No matter which adhesive you use, carefully follow the directions and safety information on the package. And wear thick rubber or vinyl gloves and work in a well-ventilated location or outdoors.
Don’t Expect Miracles
Whatever you’re gluing together must have a clean break of the kind you’d expect from broken ceramic or glass; if you’re using superglue, the two parts must fit together perfectly with no gaps. And if you’re gluing unlike materials, you’ll need a glue that’s suitable for both, if possible, for satisfactory results.
Use the Right Amount
Remember this mantra of proper gluing: Less is more. Use the minimal amount of adhesive needed to get the job done.
One Type can Pose Health Issues
Polyurethane glues can cause skin irritations and respiratory problems, and subsequent exposure to them could cause stronger reactions.
To control how much you apply, squirt some onto a piece of aluminum foil or the product’s plastic packaging. Use a toothpick or a wood or plastic coffee stirrer to apply the glue. (Some two-part epoxies come with a plastic paddle for mixing.) Immediately wipe up any excess glue that comes out of the joint as you work.
Of less concern but more common are fingers stuck together with superglue. “Soak your glued fingers in warm, soapy water,” Dr. says James S. Taylor, M.D., a dermatologist at the Cleveland Clinic, said. Then ; gently separate the skin with a soft spatula. If water doesn’t work, use acetone or nail-polish remover. Taylor cautions that both of those materials could irritate your skin.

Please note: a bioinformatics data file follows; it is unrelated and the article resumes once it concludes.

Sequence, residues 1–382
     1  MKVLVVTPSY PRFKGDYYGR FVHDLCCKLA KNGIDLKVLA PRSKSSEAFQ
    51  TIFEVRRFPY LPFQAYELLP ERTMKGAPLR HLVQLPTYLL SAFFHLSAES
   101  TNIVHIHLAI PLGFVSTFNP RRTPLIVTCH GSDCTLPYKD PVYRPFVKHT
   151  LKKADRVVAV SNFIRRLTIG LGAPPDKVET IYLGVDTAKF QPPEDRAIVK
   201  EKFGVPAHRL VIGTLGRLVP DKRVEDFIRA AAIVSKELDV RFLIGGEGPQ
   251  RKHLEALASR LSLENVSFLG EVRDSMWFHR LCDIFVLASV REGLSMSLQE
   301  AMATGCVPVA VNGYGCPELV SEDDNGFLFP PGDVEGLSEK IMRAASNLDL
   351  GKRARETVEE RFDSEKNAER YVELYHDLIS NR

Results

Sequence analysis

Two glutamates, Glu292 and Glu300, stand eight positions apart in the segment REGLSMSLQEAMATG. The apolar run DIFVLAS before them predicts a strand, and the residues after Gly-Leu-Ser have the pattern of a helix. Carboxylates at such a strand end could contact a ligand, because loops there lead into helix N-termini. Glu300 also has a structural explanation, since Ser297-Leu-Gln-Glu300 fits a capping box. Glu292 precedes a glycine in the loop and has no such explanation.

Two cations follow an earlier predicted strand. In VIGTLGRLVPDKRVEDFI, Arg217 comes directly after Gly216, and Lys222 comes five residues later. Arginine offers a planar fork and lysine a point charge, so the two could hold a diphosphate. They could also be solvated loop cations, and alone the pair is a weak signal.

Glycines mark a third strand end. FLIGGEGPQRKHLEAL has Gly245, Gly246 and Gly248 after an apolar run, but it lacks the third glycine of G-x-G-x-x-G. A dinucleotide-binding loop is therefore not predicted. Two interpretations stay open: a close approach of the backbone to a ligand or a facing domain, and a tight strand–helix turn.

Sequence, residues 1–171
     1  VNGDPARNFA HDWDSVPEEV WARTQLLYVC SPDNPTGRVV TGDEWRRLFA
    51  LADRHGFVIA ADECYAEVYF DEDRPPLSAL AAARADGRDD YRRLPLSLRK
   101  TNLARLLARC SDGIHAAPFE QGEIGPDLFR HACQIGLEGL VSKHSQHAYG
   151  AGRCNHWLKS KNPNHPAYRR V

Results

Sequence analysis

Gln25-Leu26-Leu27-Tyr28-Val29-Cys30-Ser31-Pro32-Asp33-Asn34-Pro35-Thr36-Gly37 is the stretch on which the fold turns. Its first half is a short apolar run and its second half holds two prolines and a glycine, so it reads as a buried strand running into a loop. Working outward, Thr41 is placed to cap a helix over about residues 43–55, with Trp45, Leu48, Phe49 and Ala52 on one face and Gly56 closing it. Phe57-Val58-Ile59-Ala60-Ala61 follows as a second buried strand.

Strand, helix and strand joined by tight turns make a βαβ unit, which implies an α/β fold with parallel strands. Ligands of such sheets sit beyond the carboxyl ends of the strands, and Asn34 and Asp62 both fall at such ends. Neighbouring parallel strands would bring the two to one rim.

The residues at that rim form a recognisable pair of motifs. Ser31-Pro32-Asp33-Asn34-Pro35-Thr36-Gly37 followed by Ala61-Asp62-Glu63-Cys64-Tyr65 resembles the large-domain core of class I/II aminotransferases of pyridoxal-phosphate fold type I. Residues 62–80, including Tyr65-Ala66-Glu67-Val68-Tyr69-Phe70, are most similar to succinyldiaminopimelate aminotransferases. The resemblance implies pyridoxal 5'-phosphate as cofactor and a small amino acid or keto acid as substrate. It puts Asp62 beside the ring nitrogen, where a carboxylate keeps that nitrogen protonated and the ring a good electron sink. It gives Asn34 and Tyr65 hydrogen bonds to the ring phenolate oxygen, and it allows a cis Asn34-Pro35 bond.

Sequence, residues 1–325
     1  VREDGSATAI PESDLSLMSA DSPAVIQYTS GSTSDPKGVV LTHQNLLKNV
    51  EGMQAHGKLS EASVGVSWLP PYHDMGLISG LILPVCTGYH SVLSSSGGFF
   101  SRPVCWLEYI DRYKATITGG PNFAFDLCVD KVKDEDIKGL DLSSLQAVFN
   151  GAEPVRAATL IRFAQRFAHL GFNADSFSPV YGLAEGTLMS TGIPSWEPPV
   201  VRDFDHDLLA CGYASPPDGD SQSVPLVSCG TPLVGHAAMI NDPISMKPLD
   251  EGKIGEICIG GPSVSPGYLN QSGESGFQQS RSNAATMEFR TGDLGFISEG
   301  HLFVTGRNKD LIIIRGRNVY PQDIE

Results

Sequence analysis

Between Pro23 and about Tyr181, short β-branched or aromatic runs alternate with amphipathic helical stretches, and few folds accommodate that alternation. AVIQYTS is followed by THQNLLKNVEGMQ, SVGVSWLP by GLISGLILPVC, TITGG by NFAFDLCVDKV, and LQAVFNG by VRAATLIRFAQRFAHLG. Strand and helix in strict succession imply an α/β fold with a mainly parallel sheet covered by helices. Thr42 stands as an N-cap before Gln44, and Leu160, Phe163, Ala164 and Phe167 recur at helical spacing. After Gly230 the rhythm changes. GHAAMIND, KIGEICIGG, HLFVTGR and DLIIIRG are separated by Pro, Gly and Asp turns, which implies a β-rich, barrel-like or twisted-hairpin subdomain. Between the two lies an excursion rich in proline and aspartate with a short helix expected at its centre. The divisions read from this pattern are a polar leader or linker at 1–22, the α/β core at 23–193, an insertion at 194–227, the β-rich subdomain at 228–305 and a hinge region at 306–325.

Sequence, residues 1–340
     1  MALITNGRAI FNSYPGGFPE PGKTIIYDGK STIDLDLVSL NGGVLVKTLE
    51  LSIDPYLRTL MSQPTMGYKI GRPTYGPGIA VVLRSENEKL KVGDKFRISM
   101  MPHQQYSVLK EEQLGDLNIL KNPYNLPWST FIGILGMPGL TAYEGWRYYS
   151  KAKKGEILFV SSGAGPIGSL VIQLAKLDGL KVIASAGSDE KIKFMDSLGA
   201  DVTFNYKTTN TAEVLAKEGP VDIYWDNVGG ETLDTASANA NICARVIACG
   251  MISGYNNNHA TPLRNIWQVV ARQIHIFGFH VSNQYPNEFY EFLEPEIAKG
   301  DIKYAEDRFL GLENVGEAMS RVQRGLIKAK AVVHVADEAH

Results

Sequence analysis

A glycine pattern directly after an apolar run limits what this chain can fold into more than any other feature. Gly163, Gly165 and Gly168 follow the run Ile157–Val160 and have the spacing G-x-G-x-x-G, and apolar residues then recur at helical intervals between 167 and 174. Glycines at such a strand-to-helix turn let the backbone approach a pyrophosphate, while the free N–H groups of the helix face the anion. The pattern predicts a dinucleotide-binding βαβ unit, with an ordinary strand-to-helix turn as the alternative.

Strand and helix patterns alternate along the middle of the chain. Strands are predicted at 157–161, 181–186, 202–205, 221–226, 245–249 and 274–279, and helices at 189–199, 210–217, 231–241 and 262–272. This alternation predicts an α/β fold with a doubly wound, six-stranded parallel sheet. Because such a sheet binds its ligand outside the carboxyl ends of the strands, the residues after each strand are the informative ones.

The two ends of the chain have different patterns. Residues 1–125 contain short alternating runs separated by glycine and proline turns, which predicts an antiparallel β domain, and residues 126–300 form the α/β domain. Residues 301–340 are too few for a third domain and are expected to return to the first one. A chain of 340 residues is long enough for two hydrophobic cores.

Pay Attention to Color
The Devcon Plastic Steel 5-Minute Epoxy, $4.25, for instance, dries dark gray, but some adhesives come in other colors. If there’s a chance that the glue will be seen after it has dried, use one that is colorless after drying.
Doing It Right
Don’t make the mistake of using the wrong glue for the job. If you’re working with an item for the outdoors, for example, choose a water-resistant glue. And although some multipurpose glues do well with wood, we recommend that you use a wood glue for wood projects. Types will tell you which glues are right for which materials and tasks.
Many superglues are now sold in single-use sizes, and manufacturers sell packs with two, four, and even up to a dozen tubes. That means dried-up, half-used tubes of superglue are a thing of the past. “The tubes got smaller because people complained they’d go back to reuse the glue and it was too hard and crusty,” says David Nick, a consultant to the adhesives industry. None of the tested glues had an expiration date, so if you have a lot of repairs or projects, buy multipacks to save money.
Shopping for glue? Read about types, features, and other must-know topics in our glue buying guide to make an informed choice.